16 High Quality Miscues Many miscues readers make are acceptable. (They do not change the meaning of the text and/or they are follow the conventional grammar rules) In some cases, a substituted word can convey a more vivid word than the author’s word. The reader is reading his/her interpretation into the text. Ex: The wolf called, “Little pig, little pig… Reader substitutes “cried” for “called”

17 Another Example Text: So the next morning, the wife went off to the forest. The husband stayed home and began to do his wife’s work. Reading: So the next day, the wife went off to the forest. The husband stayed home and began to do his wife’s job.

18 How can this be done with authentic texts? Get a ballpark estimate of student’s reading level Select a text using readability formula Conduct a MA/RR with the student Analyze the data Determine strengths and areas for growth Select strategies

19 Let’s practice Use the in-comprehension reading rubric as we listen to the students read and retell Get with a partner… discuss your thoughts and analysis. What is this assessment more like: MA or RR What is the benefit to this rubric?

20 Next time Bring and analysis of your “students” with you Review RMA article

21 Question of the Day g0MDE2MzY2NAhttp://www.polleverywhere.com/multiple_choice_polls/LT g0MDE2MzY2NA

22 Today’s Class Summarize the findings from MA data Describe Assessments for Fluency Select Instructional Strategies

23 Readability and Leveled Texts Turn and Talk: How can you level a text? IEP Readability Scale Smog Readability Scale Word Readability Online Resources Lexile Measures –Ranges from 200L to 1700L –Used in many districts around the country and has been around for about 50 years –Children are assessed and given an “lexile score” (Score correlates to a grade level)(Score correlates to a grade level) –Database helps match books and readersDatabase

24 Lexile Students’ Reading Level is assessed and given a Lexile Score Scores correlate with a grade level Many books have already been leveled and given a Lexile score Teachers, Students and Parents select materials for the student by matching the Lexile scores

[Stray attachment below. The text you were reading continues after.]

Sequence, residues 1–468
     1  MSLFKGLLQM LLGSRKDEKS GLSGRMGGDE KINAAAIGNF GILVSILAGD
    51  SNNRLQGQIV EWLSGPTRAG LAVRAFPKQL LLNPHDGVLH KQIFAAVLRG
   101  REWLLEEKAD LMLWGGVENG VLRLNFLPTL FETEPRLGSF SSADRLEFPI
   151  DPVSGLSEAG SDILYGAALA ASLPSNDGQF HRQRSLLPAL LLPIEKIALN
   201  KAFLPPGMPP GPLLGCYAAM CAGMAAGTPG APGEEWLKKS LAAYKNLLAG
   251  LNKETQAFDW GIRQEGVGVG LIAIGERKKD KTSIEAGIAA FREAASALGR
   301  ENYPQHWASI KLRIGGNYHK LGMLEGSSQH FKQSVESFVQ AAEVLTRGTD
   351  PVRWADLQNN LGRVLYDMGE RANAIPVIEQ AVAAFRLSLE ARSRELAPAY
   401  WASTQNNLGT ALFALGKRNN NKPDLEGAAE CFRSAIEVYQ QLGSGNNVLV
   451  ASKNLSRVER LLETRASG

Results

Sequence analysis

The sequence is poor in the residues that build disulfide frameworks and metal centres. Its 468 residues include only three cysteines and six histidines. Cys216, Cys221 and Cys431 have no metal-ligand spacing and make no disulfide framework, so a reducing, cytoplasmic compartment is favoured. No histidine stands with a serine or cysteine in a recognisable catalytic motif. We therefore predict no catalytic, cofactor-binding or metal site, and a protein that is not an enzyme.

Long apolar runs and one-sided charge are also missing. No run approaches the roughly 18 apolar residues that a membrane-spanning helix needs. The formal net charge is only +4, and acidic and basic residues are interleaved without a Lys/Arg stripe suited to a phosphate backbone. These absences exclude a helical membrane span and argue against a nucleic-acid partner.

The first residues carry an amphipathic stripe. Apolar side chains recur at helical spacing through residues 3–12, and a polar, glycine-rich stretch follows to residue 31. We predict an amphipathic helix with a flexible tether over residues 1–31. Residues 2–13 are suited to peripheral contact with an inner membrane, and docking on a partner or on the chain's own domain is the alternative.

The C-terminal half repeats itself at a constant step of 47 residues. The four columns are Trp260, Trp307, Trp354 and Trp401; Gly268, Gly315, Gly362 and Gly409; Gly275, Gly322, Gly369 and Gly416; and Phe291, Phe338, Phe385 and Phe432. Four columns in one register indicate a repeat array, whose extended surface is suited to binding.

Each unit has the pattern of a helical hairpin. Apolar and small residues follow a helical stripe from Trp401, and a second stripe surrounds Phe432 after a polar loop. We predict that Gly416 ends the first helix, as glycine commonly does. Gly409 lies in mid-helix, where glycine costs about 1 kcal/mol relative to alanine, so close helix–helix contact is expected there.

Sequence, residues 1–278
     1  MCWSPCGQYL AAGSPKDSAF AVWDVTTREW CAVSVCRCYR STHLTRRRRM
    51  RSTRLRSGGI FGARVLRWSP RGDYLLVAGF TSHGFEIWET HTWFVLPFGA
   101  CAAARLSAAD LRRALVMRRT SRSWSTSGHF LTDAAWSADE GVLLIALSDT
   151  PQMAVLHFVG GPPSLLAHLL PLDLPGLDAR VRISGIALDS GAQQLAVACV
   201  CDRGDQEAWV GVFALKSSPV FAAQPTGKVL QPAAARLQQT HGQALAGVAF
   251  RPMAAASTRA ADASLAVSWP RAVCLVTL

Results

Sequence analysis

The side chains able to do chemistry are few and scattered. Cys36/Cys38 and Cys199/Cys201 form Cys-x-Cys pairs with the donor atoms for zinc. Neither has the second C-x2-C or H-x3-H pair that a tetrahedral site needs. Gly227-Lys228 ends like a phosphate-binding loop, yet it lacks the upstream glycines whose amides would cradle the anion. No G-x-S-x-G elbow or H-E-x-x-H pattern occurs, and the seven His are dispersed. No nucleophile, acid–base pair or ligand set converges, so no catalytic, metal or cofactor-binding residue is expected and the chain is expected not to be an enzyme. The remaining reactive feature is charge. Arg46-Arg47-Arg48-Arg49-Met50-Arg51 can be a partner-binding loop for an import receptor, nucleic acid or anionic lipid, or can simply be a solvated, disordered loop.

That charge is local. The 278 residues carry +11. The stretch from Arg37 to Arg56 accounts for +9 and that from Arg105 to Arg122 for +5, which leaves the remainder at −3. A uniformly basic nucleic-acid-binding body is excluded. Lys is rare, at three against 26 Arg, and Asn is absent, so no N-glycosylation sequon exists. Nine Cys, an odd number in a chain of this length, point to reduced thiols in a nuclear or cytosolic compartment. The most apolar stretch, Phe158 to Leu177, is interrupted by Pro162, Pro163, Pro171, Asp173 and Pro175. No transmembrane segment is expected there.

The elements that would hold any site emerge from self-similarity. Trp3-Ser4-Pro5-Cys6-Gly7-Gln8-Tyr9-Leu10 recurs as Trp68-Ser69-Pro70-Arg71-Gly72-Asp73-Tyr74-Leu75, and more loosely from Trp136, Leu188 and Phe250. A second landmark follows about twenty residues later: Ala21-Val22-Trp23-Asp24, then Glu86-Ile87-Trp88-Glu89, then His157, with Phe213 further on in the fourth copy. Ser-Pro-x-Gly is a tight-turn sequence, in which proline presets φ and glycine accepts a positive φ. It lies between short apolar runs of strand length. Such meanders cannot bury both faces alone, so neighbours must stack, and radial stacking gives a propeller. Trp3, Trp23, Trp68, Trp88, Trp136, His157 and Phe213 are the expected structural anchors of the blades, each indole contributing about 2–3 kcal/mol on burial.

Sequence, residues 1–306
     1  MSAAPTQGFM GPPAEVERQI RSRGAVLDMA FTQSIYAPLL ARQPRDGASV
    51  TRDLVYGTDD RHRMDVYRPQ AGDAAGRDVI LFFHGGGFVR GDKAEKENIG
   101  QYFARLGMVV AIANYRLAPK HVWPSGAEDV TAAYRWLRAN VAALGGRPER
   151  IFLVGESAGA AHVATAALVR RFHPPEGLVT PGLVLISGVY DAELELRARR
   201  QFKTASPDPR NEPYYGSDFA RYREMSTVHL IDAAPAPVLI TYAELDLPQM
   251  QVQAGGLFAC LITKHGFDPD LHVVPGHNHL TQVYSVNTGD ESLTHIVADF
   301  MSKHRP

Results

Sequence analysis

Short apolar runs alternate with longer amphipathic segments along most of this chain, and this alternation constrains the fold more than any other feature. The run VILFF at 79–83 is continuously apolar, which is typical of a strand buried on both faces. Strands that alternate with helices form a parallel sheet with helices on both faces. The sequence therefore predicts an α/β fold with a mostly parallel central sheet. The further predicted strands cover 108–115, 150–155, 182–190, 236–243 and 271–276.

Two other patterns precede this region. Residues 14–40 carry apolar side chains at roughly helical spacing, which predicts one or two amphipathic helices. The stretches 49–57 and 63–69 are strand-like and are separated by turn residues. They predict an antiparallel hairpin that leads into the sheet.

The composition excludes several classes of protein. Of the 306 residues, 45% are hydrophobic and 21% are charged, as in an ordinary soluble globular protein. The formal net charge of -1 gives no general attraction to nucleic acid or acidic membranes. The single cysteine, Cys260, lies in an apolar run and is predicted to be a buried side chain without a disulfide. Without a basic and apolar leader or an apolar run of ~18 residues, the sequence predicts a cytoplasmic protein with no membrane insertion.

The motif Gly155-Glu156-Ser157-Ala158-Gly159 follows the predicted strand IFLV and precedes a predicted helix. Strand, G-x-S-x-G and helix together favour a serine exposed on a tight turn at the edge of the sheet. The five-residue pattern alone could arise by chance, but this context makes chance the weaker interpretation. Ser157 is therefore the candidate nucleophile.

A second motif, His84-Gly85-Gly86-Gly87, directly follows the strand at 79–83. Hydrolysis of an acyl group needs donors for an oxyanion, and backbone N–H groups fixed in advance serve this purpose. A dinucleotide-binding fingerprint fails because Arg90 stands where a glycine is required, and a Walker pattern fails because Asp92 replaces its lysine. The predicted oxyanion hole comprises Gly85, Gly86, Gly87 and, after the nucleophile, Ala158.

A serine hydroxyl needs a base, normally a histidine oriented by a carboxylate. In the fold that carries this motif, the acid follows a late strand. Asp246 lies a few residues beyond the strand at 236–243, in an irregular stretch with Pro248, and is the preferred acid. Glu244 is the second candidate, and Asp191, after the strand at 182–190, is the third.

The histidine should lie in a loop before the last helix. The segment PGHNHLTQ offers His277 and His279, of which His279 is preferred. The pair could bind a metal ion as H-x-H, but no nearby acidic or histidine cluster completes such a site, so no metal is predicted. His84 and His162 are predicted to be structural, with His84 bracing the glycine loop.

25 Reviewing our readers

26 Summarizing the Data Look at the Oral Reading Data and use scoring sheet of your choice What patterns do you notice? What are the reader’s strengths and where does this person need to grow as a reader? What would your next steps as the teacher be? Strategies?

27 Assessing Oral Language Tools we have for assessing fluency and reading rate: –Words per MinuteWords per Minute –Oral reading rubrics –DIBELS Oral Reading FluencyDIBELS Oral Reading Fluency Use the Rubric to assess the following elated Don’t Let the Pigeon Drive the Bus

28 Assessing Oral Language Tools we have for assessing fluency and reading rate: –Oral reading rubric –Multidimensional Fluency Scale Choose one of the methods and practice using it as we listen to reading. Or aMLx6E0 or AA or aMLx6E0 AA

29 Oral Reading Rate 1. Words in the passage= x60= Time the reading (150 seconds) /150= Use the table (for “C(orrect)WPM, subtract the number of miscues=12, from #4) So 88

30 Strategies for Developing Fluency Model Fluent Reading (Read-aloud) Shared Reading Repeated Readings Work with High Frequency Words to Develop Automatcity Strategy Ideas: Busy Teacher Café tml

31 Looking Ahead (Home Stretch!) Next week: Inquiry Group Work time ( No class meetings) Week of 11/7: Comprehension Reading Diagnosis, Ch. 5 Looking ahead: –Inquiry Group Presentations, Nov 14 th and 16 th –Observation Due Date and Discussion, 12/5